This one includes an exhibit where humans act out historical scenarios in a museum of sorts (the details are never given).

The narrator’s name is never given.  Over the course of a few pages we determine that he is a caveman in an exhibit.  Every day he is supposed to “eat grubs,” “see” a herd of animals and not speak English.  He has a “wife,” Janet.  She is not his real wife, he has a real wife and children.  In fact he doesn’t especially like Janet. She tends to speak English a lot and disregards most other work protocols.

In many respects it doesn’t matter because hardly anyone comes into the museum.  But they are doing a job and they do have supervisors.

When the light dims as if it were night time they each go to their separate personal quarters where they have such modern amenities as a fax machine (this was written in 2000 so that’s not a goof, I don’t think).  (more…)

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SOUNDTRACK: TREY ANASTASIO-One Man’s Trash (1998).

This is Trey Anastasio’s first solo album. It is a 30 minute collection of odds and ends (hence the title) and experimental pieces.  There are some kernels of real songs and some simple noise experiments (most of which are shorter).

The first three songs are kernels of songs.  “Happy Coffee Song” is a simple blues riff with a guitar solo and scatting lyrics.  “Quantegy” is three minutes long.  It’s got a bass line like Led Zeppelin’s The Lemon Song but with Trey just narrating about quantegy and materials with synths behind him.  “Mister Completely” sounds like a Phish song with intertwining lines and a catchy riff.

“A Good Stalk” is the first of the experimental noise tracks.  Feedback and backwards drum sounds make a 50 second soundscape that does indeed sound like a “A Good Stalk.”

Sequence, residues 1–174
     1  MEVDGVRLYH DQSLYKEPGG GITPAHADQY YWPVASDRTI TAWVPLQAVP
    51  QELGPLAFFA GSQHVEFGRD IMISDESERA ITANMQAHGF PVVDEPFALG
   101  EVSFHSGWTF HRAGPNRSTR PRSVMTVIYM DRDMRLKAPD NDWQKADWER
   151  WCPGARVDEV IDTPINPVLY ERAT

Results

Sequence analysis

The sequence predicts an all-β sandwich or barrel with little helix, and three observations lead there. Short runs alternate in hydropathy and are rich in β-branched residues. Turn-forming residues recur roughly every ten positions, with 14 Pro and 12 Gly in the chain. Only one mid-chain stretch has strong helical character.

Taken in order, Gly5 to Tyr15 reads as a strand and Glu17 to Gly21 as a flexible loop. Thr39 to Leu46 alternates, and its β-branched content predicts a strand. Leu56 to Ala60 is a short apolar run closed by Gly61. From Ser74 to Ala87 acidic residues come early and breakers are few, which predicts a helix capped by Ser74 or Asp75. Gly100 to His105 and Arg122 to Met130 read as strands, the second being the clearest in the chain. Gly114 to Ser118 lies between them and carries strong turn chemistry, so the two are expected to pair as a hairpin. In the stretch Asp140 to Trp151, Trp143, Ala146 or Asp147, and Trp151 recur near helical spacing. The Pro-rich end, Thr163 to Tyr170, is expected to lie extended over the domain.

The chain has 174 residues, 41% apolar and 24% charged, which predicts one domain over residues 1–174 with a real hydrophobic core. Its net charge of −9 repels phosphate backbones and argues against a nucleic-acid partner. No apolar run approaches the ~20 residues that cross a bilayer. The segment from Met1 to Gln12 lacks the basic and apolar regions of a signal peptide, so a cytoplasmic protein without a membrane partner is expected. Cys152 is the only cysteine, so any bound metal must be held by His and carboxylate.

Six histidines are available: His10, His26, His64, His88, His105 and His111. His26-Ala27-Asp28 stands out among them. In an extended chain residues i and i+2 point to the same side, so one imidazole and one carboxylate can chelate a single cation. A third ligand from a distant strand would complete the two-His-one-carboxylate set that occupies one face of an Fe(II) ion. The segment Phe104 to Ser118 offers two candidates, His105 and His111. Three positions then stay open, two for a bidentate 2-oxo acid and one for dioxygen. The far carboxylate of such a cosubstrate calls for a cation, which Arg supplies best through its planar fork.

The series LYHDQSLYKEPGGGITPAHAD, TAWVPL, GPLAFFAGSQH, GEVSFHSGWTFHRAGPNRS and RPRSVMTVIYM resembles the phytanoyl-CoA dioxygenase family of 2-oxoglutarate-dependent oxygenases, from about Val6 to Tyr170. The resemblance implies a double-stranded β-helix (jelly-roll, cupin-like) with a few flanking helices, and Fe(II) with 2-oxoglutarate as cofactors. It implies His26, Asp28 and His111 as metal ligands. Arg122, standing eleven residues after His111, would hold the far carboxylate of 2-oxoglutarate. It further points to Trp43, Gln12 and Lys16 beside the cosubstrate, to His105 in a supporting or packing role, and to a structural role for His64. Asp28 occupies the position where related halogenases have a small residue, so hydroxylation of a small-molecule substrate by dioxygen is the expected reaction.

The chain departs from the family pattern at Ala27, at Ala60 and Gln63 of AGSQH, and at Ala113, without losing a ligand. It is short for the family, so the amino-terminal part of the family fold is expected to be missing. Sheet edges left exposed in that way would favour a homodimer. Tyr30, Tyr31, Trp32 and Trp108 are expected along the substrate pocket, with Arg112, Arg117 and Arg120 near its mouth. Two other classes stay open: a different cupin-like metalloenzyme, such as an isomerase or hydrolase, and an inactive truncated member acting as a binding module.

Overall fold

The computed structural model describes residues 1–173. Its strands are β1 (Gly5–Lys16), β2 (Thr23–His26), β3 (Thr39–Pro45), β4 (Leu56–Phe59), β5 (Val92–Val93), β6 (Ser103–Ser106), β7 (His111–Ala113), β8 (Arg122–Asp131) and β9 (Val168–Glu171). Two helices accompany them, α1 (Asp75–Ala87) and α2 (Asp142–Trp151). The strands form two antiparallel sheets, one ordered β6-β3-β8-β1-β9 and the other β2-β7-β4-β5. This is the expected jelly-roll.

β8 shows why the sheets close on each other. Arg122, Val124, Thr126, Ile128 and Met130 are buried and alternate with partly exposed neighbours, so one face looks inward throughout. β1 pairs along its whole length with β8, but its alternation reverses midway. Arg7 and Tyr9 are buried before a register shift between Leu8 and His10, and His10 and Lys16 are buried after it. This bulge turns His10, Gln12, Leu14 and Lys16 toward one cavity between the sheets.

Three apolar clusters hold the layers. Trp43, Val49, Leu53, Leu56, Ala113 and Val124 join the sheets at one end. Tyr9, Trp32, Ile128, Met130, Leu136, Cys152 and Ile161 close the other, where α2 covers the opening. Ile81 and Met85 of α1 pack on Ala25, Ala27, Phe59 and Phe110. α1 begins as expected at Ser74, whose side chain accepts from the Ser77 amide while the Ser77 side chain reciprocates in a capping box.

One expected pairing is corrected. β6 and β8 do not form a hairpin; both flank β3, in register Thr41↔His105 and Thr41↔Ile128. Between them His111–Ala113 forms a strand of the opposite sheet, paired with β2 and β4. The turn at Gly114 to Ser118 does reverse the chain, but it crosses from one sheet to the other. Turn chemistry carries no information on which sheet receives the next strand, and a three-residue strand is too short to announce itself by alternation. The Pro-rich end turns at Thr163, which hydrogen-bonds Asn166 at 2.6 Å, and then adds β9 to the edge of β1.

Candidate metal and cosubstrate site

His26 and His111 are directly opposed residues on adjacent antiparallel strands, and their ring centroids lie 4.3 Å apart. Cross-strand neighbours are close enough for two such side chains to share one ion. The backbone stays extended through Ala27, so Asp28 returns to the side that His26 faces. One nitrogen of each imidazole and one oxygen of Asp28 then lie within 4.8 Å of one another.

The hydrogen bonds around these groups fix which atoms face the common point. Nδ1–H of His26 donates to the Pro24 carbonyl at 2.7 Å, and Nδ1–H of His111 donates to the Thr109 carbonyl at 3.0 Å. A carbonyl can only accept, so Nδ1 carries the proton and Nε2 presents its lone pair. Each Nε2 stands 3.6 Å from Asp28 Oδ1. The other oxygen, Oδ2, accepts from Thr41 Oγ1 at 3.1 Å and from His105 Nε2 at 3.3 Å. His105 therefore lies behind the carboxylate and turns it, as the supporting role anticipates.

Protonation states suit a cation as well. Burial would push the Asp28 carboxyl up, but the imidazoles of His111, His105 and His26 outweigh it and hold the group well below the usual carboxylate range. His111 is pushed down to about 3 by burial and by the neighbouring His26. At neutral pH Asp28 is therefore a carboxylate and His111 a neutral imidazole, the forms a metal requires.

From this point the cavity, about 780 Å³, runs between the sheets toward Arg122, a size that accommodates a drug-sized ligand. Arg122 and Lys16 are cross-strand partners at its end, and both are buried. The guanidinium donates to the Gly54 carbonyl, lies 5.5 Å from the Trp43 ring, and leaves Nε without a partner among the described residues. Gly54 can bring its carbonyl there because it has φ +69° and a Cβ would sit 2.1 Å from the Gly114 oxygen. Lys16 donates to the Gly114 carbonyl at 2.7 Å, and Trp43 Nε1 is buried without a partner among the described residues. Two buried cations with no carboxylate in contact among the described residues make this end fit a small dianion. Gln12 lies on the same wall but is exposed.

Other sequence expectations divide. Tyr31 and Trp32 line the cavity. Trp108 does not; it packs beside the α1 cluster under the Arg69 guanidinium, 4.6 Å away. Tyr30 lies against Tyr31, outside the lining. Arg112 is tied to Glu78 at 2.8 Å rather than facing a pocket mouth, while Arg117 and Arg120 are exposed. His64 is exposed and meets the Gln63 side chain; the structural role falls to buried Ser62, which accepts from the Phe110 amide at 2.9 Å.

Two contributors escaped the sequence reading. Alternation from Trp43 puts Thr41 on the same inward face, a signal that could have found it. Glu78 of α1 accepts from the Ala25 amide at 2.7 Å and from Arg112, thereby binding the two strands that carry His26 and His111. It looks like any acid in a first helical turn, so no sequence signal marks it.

“That Dream Machine” is a fast looping guitar pattern that sounds like it could be a King Crimson melody from the 80s.  “The Way I Feel” introduces a funky bass line (with cowbell).   “Rofa Beton” is almost three minutes of soft but fast echoing drum patterns.

“For Lew (My Bodyguard)” brings lyrics into the songs again.  This song is about two minutes long, primarily keyboard washes and synths that follow the vocal line for

‘Cause Satan is real on the fainting couch,
I can feel my curved back sink into the hot orange light;
Feels good against my arms.

Mustard walls surround me like soldiers face to face
At the Battle of Trenton.
I can feel my curved back sink into the chapel pew.
While Maurice stands guard outside, no one can defy me.
No one can get by me with Maurice standing guard outside.

‘Cause Satan is real on the fainting couch.
Satan is real inside me,
From my head down to my kidney bean.

Yup.

It’s followed by three way experimental pieces.  “At The Barbecue” is a kind of free jazz saxophone/trumpet experimental piece.  “Tree Spine” is similar to “Stalk” with pulsing deep sounds and what could be the sound of insects eating a tree.  “Here’s Mud In Your Eye” is a minute of splashing sounds–made by mouth?

“The Real Taste of Licorice” returns to proper songs with a lively three minute acoustic guitar piece.

“And Your Little Dog Too” is the longest piece at 4 minutes.  It’s echoing drums and sound effects with Trey yelling in the background.  It sounds like it is meant to be almost a savage dance.

“Jump Rope (fast version)” is thirty five seconds of meandering keyboards and what sounds like fast whipping loops (yes, like a jump rope).  “Jump Rope (slow version)” is not a slowed down version of the above.  In this one the looping sound is like a slow moving UFO.

“Kidney Bean” closes the album.  The phrase kidney bean appeared earlier (in “For Lew”).  The return is an elliptical 30 second song with the loud monotone recitation of “Now we’re talking kidney bean.”

There’s not a lot here for the casual listener.  Or even for big fans.  It’s the kind of thing that would be released for free if that was something that could have happened in 1998. I suspect people were kind of pissed to have paid money for this.

But it is kind of fun, if you like weird Phish nonsense.

[READ: May 1, 2019] “Child’s Play”

Alice Munro is a master of the short story.  This story is utterly fantastic.  They way it is written and the stunning ending are mind-blowing.